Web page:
Last year, we reviewed some of the more-prominent examples of how the industry continues to respond to the need for safe and cost-effective production facilities in ever-more-challenging environments. We also highlighted the increasingly important role that constructive collaboration can play in facilitating the desired outcomes for all parties.
This year, we illustrate how this same theme of constructive collaboration has been applied effectively at the other end of an offshore facility’s life span, in the major decommissioning program for the Frigg field. Most of us are very familiar with the term offshore hookup, but soon we may become equally familiar with what offshore “hookdown” really involves.
We also take a look at an approach for safely extending the useful life of aging offshore- production infrastructure, in locations where the subsea tieback of new fields warrants the associated investment.
Our focus is not entirely on end-of-life scenarios though. New offshore-platform concepts continue to evolve to suit the changing needs of operators. Some of these aim to offer the reduced well cost of fixed structures with the redeployment advantages offered by floating structures.
One of the most challenging new frontiers for the offshore industry and for society at large is the Arctic region. More specifically, it is development of underwater hydrocarbons where the presence of ice affects the nature of the development. Moving into any new frontier first requires gathering sufficient environmental data to be able to predict quantitatively the character and envelope of conditions at that location throughout the field’s production lifetime. We take a look at how these issues are being addressed in the specific case of the proposed Shtokman-field floating production facility.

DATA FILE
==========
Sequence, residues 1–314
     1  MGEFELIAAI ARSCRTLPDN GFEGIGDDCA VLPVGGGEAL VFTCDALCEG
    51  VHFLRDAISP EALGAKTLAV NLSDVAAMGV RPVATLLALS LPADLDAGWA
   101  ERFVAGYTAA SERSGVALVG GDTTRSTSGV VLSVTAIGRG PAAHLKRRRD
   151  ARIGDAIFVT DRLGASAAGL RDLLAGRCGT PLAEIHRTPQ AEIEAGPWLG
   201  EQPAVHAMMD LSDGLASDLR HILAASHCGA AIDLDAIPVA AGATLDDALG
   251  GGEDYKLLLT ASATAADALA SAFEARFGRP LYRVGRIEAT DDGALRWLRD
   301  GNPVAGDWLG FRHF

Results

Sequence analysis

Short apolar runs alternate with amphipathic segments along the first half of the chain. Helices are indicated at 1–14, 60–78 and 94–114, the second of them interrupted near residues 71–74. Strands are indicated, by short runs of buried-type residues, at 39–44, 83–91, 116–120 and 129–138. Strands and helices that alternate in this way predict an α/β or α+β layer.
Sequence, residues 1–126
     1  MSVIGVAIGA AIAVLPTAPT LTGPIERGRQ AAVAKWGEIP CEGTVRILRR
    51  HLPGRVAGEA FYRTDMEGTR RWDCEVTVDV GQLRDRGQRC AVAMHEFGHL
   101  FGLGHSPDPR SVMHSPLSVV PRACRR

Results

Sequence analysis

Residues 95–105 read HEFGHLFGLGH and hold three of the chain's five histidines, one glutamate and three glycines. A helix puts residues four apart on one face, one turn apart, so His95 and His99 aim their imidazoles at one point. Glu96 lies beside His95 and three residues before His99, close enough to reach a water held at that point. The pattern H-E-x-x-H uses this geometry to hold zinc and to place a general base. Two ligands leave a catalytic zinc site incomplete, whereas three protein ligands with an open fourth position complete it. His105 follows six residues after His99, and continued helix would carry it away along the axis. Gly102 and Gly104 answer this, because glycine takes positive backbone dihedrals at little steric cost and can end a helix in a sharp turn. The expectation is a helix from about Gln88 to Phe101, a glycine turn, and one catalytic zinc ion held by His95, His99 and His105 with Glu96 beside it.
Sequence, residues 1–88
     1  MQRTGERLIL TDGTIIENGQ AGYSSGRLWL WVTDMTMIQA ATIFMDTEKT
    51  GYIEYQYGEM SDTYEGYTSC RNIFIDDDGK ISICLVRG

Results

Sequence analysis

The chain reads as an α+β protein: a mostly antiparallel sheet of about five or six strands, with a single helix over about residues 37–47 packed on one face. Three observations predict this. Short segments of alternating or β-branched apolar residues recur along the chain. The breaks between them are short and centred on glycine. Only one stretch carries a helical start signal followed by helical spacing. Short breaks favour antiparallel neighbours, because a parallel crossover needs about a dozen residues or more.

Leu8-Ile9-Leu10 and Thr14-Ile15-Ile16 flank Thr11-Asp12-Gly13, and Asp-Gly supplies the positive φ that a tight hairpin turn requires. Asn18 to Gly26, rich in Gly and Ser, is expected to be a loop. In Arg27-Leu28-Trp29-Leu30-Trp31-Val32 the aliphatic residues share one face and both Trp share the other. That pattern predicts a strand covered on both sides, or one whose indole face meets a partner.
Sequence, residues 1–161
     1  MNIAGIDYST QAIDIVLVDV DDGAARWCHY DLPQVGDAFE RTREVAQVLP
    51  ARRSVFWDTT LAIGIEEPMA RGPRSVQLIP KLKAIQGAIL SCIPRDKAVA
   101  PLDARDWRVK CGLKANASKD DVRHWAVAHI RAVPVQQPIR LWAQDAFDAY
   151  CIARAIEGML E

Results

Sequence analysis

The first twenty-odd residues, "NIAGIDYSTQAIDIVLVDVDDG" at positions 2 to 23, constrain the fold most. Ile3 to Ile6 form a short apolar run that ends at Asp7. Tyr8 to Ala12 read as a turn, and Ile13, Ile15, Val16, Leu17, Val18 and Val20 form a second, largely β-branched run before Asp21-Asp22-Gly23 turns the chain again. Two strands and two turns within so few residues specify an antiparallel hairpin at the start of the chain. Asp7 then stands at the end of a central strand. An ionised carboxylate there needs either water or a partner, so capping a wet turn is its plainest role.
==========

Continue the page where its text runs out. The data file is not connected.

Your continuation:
As we return for this annual JPT Focus on the technology associated with offshore oil/gas facilities, it is timely to mention the launch of the new SPE magazine Oil and Gas Facilities, primarily geared toward the whole offshore-facilities sector. This effort represents a significant initiative to broaden the appeal and relevance of SPE to the wider oil/gas community, and any feedback that you may have in this regard would be welcomed warmly.
Read the synopses in the February 2012 issue of JPT.
Ian G. Ball, SPE, is Technology Director with Intecsea (UK) Ltd. Previously, he was retained by Reliance Industries Ltd Bombay, and was with Shell with assignments in Norway, the UK, and the US Gulf of Mexico. Ball earned a BS degree in electrical engineering from the University of Manchester Institute of Science and Technology. He serves on the JPT Editorial Committee and chairs the Editorial Committee of SPE’s new Oil and Gas Facilities magazine, the inaugural edition of which is available this month.